• “We keep a wide variety of inventory so we can satisfy everyone’s needs,” says Frankel.
  • “A well dressed man is a Bell dressed man” is a motto tagged on the board above Frankel’s office desk. Another motto that was supposedly thought up by Bob Carlson and his sidekick on WMBD in the early ‘70’s was, “The store for men and the women who love them.”
  • But Frankel says that was more appropriate when women were buying 80 per cent of the men’s clothes.
  • “Now it is about half and half,” says Frankel. “Guys are a lot more focused on what they want to wear and women are a lot less focused on the men.”
  • The 40-year old Frankel says they used to offer both men’s and boy’s clothing - but even though they now gear mostly to men’s needs, they still get a lot of larger eighth-grade boys on up with special fitting needs. “We get big kids around eighth grade that can’t fit into Sears or Penny’s Huskies and they can’t find anything to fit at Target or Kohl’s; then they come and see us. We do what we have to do to fit them properly,” says Frankel of his middle of the road-type store.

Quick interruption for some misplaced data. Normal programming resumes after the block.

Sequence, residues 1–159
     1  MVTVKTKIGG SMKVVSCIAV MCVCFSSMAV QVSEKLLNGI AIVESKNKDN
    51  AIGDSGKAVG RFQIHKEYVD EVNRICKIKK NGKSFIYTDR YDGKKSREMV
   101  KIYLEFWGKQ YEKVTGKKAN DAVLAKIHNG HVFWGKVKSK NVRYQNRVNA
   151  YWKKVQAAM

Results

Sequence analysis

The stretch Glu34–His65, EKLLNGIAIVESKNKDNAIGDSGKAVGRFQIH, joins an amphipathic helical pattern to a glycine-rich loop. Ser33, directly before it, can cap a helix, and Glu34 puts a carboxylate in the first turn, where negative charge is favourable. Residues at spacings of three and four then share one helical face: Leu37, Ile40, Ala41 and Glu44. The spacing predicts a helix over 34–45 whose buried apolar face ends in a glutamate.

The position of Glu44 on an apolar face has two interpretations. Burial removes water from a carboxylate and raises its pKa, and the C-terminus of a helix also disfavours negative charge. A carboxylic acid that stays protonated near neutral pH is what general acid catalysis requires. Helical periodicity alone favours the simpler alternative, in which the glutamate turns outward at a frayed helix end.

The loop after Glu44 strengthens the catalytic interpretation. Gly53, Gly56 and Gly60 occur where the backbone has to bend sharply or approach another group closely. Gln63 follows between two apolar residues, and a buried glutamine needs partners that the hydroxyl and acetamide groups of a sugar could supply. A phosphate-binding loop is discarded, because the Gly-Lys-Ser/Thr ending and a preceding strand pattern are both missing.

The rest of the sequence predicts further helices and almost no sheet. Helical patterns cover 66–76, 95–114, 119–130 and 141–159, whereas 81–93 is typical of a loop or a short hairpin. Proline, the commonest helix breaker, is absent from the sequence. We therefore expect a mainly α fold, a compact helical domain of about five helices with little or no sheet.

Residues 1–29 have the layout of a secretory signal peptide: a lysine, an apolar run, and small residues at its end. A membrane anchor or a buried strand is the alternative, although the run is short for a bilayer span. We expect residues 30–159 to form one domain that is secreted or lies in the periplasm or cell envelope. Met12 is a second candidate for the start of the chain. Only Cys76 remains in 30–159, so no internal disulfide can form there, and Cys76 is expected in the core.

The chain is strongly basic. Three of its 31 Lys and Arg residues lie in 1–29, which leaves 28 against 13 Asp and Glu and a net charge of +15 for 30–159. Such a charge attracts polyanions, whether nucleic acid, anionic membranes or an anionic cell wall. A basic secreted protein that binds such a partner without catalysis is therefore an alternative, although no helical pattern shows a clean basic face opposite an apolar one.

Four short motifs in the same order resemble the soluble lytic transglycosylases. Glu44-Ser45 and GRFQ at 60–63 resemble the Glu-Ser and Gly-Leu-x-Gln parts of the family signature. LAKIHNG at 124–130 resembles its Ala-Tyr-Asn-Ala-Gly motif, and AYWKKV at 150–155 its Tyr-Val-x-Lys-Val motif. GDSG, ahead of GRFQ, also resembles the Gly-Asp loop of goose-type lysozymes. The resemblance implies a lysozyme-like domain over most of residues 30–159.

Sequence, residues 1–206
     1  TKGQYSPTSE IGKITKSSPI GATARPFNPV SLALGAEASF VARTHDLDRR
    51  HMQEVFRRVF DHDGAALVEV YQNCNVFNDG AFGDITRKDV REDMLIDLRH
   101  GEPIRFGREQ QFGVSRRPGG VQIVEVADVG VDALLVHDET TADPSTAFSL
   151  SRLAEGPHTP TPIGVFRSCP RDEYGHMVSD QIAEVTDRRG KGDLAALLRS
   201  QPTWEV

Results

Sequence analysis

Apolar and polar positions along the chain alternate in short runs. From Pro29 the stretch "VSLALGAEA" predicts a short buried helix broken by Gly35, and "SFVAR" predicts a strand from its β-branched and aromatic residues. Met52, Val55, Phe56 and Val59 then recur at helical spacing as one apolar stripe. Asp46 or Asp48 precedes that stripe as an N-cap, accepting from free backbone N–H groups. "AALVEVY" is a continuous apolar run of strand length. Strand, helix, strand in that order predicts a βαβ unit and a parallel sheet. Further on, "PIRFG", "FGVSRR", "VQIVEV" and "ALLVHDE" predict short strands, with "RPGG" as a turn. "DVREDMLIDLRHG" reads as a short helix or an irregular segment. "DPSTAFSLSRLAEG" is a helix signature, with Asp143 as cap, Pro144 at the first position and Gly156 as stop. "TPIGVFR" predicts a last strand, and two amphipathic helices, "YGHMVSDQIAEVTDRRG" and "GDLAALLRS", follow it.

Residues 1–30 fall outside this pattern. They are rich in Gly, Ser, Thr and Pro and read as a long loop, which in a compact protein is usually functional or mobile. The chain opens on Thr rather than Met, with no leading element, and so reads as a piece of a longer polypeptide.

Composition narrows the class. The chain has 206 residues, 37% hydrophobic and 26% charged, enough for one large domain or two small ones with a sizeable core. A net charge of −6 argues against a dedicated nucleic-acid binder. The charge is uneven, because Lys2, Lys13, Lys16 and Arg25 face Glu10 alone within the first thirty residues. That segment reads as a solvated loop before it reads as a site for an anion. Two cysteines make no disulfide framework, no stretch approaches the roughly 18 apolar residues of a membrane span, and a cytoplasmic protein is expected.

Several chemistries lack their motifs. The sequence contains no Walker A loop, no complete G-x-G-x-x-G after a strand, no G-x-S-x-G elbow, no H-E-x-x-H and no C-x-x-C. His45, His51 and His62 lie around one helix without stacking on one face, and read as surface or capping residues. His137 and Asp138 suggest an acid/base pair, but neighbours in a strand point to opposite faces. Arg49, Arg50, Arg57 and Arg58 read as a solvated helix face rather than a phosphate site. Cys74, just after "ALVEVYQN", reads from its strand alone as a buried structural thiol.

• “We have regular customers that call us from the Lutheran Home and St. Joseph’s Home to run items to them,” he says. “We used to have a big business like that when the State Hospital was open because we were trusted in filling only what the directors of the conservatorship wanted the recipients to have; underwear, socks, and shirts.”
  • Although Frankel says he would like to introduce more high-end merchandise, his regular customers seem to like a more classic, middle of the road look. He says he sends people looking for trendy items elsewhere.
  • Frankel adds they encourage customers to try on their clothing purchases because some of the manufacturers can vary so much in sizing.
  • “We want to properly fit someone in the way of clothing, especially suits and sport coats, and we take the same care in the dress pants area,” Frankel emphasizes.
  • “If somebody orders in a suit and it does not fit them, it is not theirs,” says Frankel. He says they will not tell a customer that something looks right when it doesn’t.